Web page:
A man who barged his way into a health care clinic in Buffalo, Minn., last February, setting off explosives and shooting five clinic workers, one fatally, made an appearance in Wright County Court on Monday where he was informed that a grand jury had indicted him on a charge of first-degree premeditated murder.
The indictment was an upgrade from the second-degree murder charge brought after he was arrested at the scene of the shooting. In addition, the grand jury indicted him on four counts of first-degree premeditated attempted murder, the same charges leveled in a complaint filed back in February.
Gregory Paul Ulrich was also indicted on a charge of discharging an explosive or incendiary device at the Allina Medical Clinic at 755 Crossroads Campus Drive in Buffalo.
Ulrich, 68, of Buffalo, who is being held in the Wright County jail, will make another court appearance next Monday when he will be arraigned. Bail remains at $5 million with restrictive conditions that would require GPS monitoring or $10 million without conditions.
The Wright County grand jury met for three days last week and handed down the indictment Friday, said Wright County Attorney Brian Lutes.
"I think he acted with premeditation and intent and he deserves life imprisonment without parole," Lutes said in an interview. Ulrich's public defender could not be reached for comment.
Ulrich had been charged in a complaint in February on seven counts, including one count of second-degree murder and four counts of first-degree attempted murder.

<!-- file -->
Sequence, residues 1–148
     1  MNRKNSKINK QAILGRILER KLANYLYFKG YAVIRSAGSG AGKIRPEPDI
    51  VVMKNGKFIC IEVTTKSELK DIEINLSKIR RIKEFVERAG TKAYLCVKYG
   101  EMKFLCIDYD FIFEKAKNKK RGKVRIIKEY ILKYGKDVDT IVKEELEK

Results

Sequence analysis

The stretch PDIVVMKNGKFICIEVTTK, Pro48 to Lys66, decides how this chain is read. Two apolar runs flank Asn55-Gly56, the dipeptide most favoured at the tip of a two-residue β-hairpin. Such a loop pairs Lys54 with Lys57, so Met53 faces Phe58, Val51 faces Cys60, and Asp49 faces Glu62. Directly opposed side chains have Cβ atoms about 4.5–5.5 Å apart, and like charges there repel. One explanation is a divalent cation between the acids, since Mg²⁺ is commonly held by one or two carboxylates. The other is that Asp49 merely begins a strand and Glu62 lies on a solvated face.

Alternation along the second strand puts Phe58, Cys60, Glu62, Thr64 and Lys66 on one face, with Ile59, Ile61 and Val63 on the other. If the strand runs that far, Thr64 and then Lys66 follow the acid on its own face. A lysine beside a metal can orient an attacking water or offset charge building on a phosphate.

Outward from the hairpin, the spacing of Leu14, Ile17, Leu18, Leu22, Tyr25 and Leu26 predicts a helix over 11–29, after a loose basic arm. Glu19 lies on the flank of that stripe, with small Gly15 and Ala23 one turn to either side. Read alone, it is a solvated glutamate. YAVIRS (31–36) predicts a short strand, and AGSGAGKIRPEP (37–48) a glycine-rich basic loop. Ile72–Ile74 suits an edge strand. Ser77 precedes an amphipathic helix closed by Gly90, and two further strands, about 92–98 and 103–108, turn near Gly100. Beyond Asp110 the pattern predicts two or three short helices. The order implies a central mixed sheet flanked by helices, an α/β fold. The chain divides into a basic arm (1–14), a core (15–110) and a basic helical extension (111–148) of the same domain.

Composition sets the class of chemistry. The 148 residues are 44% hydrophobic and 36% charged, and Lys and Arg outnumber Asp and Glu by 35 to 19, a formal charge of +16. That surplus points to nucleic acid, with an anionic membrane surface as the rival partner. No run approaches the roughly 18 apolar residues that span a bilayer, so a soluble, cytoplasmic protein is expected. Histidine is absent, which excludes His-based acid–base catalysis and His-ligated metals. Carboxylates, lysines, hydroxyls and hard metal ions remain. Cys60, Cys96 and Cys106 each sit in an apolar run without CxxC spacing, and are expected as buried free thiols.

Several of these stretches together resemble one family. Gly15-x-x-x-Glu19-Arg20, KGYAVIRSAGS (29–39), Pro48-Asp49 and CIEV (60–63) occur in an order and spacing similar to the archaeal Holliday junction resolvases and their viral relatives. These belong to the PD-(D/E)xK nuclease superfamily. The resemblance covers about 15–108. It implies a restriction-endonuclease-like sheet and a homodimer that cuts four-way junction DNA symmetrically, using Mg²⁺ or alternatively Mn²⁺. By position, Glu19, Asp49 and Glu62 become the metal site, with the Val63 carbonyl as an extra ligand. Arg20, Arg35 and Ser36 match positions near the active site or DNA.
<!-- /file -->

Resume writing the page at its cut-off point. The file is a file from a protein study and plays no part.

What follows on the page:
The new indictment, which supersedes those charges, was slowed while prosecutors awaited a determination on whether Ulrich was mentally competent to stand trial.
Lutes said Ulrich had several psychiatric interviews and a lengthy written report was made.
He was deemed competent to stand trial, and in August, Ulrich withdrew his objection to the competency evaluation report.
"The four surviving victims were satisfied the case is moving forward," Lutes said. He said he did not know yet when a trial might be scheduled but he did not want to delay it.
According to the indictment, six members of the Wright County Sheriff's Office testified, along with a special agent with the state Bureau of Criminal Apprehension, a captain with the Buffalo Police Department and an agent with the U.S. Bureau of Alcohol, Tobacco, Firearms and Explosives.
Ulrich is accused of killing Lindsay Marie Overbay, 37, a medical assistant at the clinic, and wounding four other clinic workers, Sherry Kay Curtis, 59; Antonya Railee Fransen-Pruden, 32; Jennifer Rosa Gibson, 36; and Tamara Marie Schaufler, 59. All four were listed as witnesses in the grand jury indictment.
Also testifying was an assistant medical examiner with the Hennepin County Medical Examiner's Office, the clinic's manager and a doctor.
According to the original complaint, Ulrich entered the clinic midmorning on Feb. 9 and pulled out a Smith & Wesson semiautomatic handgun and began threatening staff.
He entered the reception area, shooting two victims, then entered the interior of the clinic, continuing to fire his handgun, striking three other victims.
During the attack he detonated two pipebombs, one at the entrance to the clinic that tore a hole through the lower metal frame of the an exterior sliding door and shattering glass, and a second device that exploded inside the clinic near a desk, causing significant damage.
Ulrich then called 911 and told Wright County dispatch to have officers back away and he would surrender. He was arrested in the entryway.
An ex-roommate told the Star Tribune that Ulrich was addicted to drugs and angry because a doctor refused to give him enough painkillers.
Court records indicate that Ulrich was a scofflaw with mental health and substance-abuse problems who frequently called police to report unfounded thefts or minor quarrels with his neighbors, medical aides, tenants and others.
Randy Furst • 612-673-4224